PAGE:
First, a lesson about the nature of popularization. Miller emphasizes the dynamic nature of Newtonianism through the long eighteenth century. Scholars have long recognized this feature vis-à-vis practitioners (natural philosophers, mathematicians, etc.). When thinking about non-experts, however, there has been a tacit assumption of homogeneity concerning the Newtonianism that filtered down in highly simplified form to amateur audiences. Instead, Miller presents popular Newtonianism as a phenomenon in flux: changing, developing, and evolving across time, place, and context.
Second, a point about the exclusivity of Western science. Newtonianism was presented as something for, rather than by women. In chapter 3, Miller demonstrates the purposeful construction of the “masculinity” of science. This image is insidious and entrenched, and likely has a long reach underwriting the present inequalities we see for women, BAME, and people from low socioeconomic backgrounds in many scientific disciplines. These attitudes were not invented with Newton—the history of Western science is largely a history of exclusion—but, just as Newtonianism played a crucial role in bringing science to the emerging middle classes, it also played a role in reinforcing the exclusion of women from science and medicine. The masculinization, gentrification, and whitewashing of science has been costly. It has narrowed the topics, attitudes, and perspectives introduced by practitioners and limited the ways in which communities can engage with and benefit from science, medicine, and technology. Miller offers an important analysis of the ways that language and print practices operate to reinforce such attitudes.
Third, a point about how ideas are packaged and disseminated. Miller shows us that non-expert readers did not encounter Newton’s ideas in all their complexity and completeness. Even those who read the Principia only grasped certain ideas, engaging with it in ways circumscribed by the text itself. According to Miller, this was by Newton’s design: which ideas a reader was able to take from the Principia reflected Newton’s presentation and editorial decisions. Similarly, the Newtonian ideas encountered elsewhere reflected decisions made by those authors about what was important, crucial, or central to understanding Newton. As Newton became increasingly identified with his writings, an image of Newton the person was constructed that influenced how readers engaged with and thought about his ideas. In short, authorial and editorial decisions fundamentally shaped how readers encountered ideas about Newton and his science. Moreover, the access readers had to Newtonian ideas reflected the decisions of publishers, purchasers, and librarians. There is a lesson here for how we understand Newtonianism as a historical phenomenon. It is tempting to think of the poets, popularizers, editors, publishers, printers, librarians, and consumers as background extras in a story that is predominantly about Newton and his expert followers. But, as Miller shows, these “extras” shaped Newtonianism in important ways. When we focus on these actors, we end up with a much bigger cast and a very different narrative about eighteenth-century Newtonianism.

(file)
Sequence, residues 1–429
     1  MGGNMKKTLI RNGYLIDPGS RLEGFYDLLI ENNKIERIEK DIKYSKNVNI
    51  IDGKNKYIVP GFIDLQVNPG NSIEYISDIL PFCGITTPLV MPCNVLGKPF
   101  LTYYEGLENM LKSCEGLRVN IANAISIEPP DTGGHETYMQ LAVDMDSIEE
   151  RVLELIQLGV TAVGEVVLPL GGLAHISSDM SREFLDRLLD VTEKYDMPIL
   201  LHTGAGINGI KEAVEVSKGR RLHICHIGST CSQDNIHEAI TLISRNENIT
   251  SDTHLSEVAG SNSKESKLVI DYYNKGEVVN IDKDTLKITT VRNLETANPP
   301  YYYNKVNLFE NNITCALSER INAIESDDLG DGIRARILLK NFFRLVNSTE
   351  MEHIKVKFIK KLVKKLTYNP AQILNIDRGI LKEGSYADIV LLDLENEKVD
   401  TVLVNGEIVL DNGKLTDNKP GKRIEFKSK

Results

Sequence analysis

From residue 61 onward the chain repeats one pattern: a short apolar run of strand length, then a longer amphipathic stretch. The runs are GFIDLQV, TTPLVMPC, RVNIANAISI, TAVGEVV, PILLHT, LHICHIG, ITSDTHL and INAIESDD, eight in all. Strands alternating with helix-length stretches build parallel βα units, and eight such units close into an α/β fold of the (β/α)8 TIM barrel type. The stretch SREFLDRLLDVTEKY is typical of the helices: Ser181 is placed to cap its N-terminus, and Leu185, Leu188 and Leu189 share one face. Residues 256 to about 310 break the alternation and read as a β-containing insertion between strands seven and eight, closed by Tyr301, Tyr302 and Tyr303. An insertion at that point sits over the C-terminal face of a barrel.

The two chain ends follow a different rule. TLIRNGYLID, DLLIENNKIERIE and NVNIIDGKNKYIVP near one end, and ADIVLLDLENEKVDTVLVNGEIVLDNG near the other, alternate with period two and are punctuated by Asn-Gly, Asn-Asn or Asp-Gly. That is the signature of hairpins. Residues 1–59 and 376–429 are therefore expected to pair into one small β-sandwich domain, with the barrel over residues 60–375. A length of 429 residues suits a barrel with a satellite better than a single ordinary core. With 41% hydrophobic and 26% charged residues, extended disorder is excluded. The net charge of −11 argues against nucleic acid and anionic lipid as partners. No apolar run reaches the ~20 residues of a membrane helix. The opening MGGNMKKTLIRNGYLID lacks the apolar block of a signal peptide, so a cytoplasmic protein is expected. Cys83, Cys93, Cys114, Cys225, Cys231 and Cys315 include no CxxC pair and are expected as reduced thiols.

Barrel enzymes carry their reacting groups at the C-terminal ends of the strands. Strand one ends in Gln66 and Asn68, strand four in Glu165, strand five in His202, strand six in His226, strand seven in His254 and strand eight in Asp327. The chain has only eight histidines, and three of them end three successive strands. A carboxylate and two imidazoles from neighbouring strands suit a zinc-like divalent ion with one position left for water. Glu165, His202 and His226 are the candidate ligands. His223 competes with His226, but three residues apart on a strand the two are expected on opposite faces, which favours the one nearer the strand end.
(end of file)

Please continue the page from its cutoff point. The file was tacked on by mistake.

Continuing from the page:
On a final note, Reading Popular Newtonianism is a scholarly work, written primarily for an academic audience well versed in eighteenth-century cultural studies. And yet, like Newton’s Principia, this book has wider appeal, and for non-expert readers it may even be a “gateway” to the eighteenth-century popularizations it explores.
Citation: Kirsten Walsh. Review of Miller, Laura, Reading Popular Newtonianism: Print, the Principia, and the Dissemination of Newtonian Science. H-Albion, H-Net Reviews. July, 2020. URL: http://www.h-net.org/reviews/showrev.php?id=53076This work is licensed under a Creative Commons Attribution-Noncommercial-No Derivative Works 3.0 United States License.